Cookies Policy

This site uses cookies. By continuing to browse the site you are agreeing to our use of cookies.

I accept this policy

Find out more here

Kant’s Better Man and the Confucian Junzi

No metrics data to plot.
The attempt to load metrics for this article has failed.
The attempt to plot a graph for these metrics has failed.
The full text of this article is not currently available.

Brill’s MyBook program is exclusively available on BrillOnline Books and Journals. Students and scholars affiliated with an institution that has purchased a Brill E-Book on the BrillOnline platform automatically have access to the MyBook option for the title(s) acquired by the Library. Brill MyBook is a print-on-demand paperback copy which is sold at a favorably uniform low price.

Access this article

+ Tax (if applicable)
Add to Favorites
You must be logged in to use this functionality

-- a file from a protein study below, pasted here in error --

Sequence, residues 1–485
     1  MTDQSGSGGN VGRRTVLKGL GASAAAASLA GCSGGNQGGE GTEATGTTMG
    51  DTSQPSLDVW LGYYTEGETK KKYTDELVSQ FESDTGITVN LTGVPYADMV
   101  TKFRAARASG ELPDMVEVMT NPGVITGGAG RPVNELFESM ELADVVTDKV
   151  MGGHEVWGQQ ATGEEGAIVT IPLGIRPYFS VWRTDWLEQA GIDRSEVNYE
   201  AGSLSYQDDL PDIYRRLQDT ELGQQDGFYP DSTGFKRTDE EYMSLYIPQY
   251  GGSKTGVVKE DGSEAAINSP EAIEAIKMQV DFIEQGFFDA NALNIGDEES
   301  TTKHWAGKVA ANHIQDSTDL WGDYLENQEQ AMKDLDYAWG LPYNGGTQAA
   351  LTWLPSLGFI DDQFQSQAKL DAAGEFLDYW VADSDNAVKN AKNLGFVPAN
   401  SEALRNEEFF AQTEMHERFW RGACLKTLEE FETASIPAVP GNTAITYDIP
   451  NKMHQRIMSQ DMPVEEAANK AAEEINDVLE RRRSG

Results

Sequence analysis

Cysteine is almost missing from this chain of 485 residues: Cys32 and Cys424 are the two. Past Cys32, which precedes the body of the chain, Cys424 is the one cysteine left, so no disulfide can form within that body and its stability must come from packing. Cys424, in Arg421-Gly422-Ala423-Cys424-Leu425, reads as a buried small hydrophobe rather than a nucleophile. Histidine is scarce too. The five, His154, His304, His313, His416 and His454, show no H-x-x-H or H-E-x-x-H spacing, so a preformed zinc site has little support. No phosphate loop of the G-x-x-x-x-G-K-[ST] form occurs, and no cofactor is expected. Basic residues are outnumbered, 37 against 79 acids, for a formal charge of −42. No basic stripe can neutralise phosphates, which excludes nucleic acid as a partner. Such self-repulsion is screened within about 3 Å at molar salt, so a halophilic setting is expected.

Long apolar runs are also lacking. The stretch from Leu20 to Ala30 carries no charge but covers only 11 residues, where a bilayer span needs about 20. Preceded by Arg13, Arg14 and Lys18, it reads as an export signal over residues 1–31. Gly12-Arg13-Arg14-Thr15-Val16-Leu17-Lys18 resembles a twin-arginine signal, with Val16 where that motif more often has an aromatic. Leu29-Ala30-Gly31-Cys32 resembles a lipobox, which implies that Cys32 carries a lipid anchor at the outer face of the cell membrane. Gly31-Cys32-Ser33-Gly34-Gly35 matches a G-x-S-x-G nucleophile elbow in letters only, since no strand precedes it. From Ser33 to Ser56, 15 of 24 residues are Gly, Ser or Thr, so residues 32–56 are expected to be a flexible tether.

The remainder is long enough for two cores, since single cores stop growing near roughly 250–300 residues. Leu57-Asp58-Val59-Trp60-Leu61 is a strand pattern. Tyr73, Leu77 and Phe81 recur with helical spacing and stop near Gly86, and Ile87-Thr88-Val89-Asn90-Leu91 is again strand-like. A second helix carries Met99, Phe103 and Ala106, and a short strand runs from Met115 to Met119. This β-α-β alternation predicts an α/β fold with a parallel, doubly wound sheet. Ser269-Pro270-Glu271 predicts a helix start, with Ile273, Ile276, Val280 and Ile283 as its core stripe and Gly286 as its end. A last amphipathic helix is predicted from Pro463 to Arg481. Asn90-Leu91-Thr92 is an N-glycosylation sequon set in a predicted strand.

image of Frontiers of Philosophy in China

This essay attempts to compare Kant’s better man and the Confucian junzi in the Zhongyong, and argues that Kant’s idea of the better man, which expresses human self-improvement in ultimate freedom, is in fact a conception very similar to that of the Confucian junzi, which denotes an ideal human being in cheng. Kant attributes the lack of emphasis on self-improvement in Western culture to the Christian conception of grace, and demonstrates the possibility of self-improvement on the ground of ultimate freedom. We may call this treatment “the Confucian solution” in Kant’s thought. My intention is to explicate the conceptual commonality between the better man and the junzi and demonstrate the Confucian element in Kant’s religious thought.


Full text loading...


Data & Media loading...

Article metrics loading...



Can't access your account?
  • Tools

  • Add to Favorites
  • Printable version
  • Email this page
  • Subscribe to ToC alert
  • Get permissions
  • Recommend to your library

    You must fill out fields marked with: *

    Librarian details
    Your details
    Why are you recommending this title?
    Select reason:
    Frontiers of Philosophy in China — Recommend this title to your library
  • Export citations
  • Key

  • Full access
  • Open Access
  • Partial/No accessInformation